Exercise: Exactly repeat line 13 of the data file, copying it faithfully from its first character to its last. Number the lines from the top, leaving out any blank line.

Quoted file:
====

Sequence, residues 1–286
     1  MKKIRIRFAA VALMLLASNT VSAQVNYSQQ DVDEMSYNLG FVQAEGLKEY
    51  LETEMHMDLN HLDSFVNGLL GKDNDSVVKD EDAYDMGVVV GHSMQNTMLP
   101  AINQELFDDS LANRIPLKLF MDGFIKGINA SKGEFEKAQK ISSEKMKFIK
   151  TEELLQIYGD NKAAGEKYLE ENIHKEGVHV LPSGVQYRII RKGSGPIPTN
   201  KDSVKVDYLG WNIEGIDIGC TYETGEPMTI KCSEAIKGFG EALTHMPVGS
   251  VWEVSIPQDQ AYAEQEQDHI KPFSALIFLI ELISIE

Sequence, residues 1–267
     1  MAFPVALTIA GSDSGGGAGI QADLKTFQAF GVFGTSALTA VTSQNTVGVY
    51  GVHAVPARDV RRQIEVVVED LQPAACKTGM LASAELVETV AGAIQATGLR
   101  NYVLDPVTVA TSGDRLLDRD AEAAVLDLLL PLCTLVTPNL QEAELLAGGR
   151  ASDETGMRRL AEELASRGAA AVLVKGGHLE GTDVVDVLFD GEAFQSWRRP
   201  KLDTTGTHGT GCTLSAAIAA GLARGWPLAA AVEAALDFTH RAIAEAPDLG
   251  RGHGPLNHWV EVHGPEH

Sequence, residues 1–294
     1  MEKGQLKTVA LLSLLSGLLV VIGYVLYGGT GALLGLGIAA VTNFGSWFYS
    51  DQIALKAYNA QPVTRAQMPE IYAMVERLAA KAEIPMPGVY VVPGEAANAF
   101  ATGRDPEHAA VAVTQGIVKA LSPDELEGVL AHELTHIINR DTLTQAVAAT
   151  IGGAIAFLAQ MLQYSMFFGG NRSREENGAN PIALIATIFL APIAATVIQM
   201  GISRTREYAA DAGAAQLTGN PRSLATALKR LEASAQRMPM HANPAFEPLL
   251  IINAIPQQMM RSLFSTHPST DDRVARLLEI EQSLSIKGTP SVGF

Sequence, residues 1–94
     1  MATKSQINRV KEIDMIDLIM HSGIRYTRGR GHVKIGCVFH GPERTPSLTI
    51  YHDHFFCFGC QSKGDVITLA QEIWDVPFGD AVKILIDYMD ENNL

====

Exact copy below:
   201  KLDTTGTHGT GCTLSAAIAA GLARGWPLAA AVEAALDFTH RAIAEAPDLG